Love set you going like a fat gold watch.
The midwife slapped your footsoles, and your bald cry
Took its place among the elements.
Our voices echo, magnifying your arrival. New statue.
In a drafty museum, your nakedness
Shadows our safety. We stand round blankly as walls.
I’m no more your mother
Than the cloud that distills a mirror to reflect its own slow
Effacement at the wind’s hand.
All night your moth-breath
Flickers among the flat pink roses. I wake to listen:
A far sea moves in my ear.
One cry, and I stumble from bed, cow-heavy and floral
In my Victorian nightgown.
Your mouth opens clean as a cat’s. The window square
Whitens and swallows its dull stars. And now you try
Your handful of notes;
The clear vowels rise like balloons.
From Ariel published by Harper & Row, 1966. Copyright © 1966 by Ted Hughes. All rights reserved.
I’ve found myself rather at an affinity with the confessional lyric style of Sylvia Plath and Morning Song, as the very first poem of hers I read, is truly one of my favourites. The opening line: ‘love set you going like a fat gold watch’ instantly confirms to us as readers that time is a dominant theme in this particular poem, creating a simile between the birth of the child and the progression of time behind the glass disc of a watch. Plath ultimately recognizes, as the mother of this child, that the infant is the occupant of a completely separate facet of space to herself and it’s own span of time will continue to shrink until the child’s eventual death. The poem in this sense deal with simply that: the value but constrictions of time and the role and station of living things in that finite space. The depiction of the watch as being ‘gold’ really emphasizes the true value of time which – like gold in the sense of monetary wealth – can be both one’s best friend but also their worst enemy. Time can be viewed as a positive, in reference to ‘all the good times’ someone has had in their life in their own nostalgic memory and also on a larger and more objective scale in that time has allowed society to continuously morph and develop over the course of history. But there is also the more morbid face of time in it’s abstract nature. Time is arguably by definition finite, it implies a beginning and an end and this is the kind of time which Plath aims to address in Morning Song.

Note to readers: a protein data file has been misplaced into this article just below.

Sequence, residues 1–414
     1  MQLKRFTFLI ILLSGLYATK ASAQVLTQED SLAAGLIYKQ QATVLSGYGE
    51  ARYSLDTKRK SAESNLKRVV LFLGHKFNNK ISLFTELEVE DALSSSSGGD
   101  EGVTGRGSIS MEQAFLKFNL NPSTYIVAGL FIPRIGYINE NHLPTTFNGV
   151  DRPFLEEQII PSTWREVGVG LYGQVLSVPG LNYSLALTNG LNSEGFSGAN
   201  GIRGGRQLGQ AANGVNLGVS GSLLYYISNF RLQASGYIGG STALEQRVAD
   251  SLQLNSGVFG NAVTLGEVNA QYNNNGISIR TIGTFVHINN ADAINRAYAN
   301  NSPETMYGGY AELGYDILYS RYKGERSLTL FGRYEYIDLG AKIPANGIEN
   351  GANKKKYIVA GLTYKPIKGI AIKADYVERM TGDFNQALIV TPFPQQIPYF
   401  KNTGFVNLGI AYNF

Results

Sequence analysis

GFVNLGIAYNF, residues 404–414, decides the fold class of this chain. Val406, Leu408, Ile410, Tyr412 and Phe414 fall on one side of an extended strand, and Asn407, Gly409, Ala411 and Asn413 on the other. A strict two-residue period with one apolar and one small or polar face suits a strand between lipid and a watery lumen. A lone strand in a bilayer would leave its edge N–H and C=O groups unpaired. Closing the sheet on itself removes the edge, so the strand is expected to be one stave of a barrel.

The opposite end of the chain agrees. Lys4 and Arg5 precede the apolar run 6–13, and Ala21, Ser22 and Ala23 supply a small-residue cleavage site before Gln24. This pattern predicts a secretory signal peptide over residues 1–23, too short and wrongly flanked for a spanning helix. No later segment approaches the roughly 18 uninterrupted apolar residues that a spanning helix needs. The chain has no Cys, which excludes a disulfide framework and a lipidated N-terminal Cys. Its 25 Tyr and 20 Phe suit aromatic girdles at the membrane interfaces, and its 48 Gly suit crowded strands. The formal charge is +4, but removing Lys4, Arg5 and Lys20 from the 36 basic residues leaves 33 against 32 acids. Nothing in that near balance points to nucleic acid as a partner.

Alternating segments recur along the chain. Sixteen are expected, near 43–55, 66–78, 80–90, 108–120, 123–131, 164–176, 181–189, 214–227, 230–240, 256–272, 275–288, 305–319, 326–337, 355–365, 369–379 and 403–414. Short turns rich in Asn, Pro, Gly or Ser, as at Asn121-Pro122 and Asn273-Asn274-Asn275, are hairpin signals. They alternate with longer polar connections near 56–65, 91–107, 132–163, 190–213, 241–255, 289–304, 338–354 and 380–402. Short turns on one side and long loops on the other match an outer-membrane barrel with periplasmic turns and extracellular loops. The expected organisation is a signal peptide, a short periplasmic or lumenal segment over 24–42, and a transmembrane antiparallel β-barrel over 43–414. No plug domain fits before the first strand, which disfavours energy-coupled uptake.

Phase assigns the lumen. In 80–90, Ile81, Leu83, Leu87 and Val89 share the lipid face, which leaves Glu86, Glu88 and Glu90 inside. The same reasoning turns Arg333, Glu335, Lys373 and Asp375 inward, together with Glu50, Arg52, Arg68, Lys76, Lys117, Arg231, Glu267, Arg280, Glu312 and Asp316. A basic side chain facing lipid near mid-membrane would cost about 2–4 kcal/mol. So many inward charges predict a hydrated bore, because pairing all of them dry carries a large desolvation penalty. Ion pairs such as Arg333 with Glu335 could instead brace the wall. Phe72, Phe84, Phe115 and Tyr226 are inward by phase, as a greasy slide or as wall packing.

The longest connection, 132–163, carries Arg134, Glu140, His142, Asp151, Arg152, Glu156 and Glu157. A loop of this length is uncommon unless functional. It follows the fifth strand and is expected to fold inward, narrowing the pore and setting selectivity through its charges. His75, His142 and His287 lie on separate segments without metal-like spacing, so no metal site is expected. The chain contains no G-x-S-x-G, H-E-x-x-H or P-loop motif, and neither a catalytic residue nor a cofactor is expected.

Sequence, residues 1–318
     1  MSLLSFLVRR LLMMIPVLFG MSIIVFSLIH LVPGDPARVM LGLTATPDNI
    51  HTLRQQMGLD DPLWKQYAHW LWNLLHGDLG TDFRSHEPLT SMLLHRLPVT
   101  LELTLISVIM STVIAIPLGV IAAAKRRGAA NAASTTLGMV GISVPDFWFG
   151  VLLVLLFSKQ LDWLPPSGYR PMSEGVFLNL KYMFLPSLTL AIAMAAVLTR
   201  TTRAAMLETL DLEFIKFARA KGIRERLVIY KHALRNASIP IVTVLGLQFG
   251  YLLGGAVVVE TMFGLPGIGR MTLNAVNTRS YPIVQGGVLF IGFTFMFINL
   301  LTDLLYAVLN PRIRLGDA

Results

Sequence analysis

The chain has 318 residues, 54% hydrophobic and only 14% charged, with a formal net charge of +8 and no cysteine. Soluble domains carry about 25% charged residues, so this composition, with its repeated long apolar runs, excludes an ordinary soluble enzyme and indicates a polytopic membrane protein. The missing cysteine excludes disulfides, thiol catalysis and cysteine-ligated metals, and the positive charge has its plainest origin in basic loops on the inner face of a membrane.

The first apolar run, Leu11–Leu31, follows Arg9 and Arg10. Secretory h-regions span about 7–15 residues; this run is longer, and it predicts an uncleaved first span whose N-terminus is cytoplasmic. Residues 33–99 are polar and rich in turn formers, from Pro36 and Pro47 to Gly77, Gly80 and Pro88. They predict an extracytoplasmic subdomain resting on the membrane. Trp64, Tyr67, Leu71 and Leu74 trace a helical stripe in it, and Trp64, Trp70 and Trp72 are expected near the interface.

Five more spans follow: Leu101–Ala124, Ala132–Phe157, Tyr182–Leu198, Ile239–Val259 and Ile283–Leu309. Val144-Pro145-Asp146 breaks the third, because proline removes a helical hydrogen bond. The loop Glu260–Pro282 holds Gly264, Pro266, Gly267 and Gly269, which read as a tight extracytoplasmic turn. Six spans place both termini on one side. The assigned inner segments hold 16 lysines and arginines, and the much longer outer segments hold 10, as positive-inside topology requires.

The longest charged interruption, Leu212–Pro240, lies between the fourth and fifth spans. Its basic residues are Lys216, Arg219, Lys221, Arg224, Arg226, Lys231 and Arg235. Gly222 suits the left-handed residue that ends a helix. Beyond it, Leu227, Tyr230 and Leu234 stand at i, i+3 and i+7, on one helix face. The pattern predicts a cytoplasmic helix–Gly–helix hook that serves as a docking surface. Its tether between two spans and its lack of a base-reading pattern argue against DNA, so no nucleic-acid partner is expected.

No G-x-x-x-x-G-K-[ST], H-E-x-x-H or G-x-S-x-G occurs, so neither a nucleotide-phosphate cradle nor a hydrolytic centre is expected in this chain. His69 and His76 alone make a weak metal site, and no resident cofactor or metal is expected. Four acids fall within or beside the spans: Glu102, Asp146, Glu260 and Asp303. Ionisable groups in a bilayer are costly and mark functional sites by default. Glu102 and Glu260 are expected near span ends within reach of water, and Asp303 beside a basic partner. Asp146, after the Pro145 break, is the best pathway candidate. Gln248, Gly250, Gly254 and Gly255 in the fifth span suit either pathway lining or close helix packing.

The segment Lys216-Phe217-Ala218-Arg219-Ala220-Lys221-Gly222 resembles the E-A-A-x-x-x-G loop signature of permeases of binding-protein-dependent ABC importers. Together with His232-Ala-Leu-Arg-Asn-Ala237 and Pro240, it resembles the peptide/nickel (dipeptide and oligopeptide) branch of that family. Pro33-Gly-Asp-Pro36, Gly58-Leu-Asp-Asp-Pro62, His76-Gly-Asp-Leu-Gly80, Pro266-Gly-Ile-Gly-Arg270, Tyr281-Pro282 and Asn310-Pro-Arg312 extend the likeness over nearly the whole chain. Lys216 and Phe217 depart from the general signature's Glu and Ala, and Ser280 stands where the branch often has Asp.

From my first reading of this poem I have always inferred that although the plosive and begrudging language used to depict the mother’s ‘stumble from bed, cow-heavy’, she is aware that she will grow to miss the disruptions to her daily life inflicted by the infant child. The child’s cry gives the mother the purpose to dote and nurture, but throughout maturity our dependence on the this intensity of our mother’s role in our life tends to fade somewhat. Plath’s poignant awareness of the child’s inevitable independence from her as it grows is further highlighted through the third stanza in which Plath declares ‘I am no more your mother / than the cloud that distills a mirror.’ She expresses an acceptance that the child is not purely an extension of herself as her reflection in a mirror but it’s own being with it’s own – as depicted gorgeously in the final stanza – ‘handful of notes’ with ‘clear vowels [that] rise like balloons’ which creates both a beautifully peaceful but also distressing image of the mother’s child floating away from her with their independence and resources of language acquisition and the like in tow; to begin taking their own direction in life autonomously.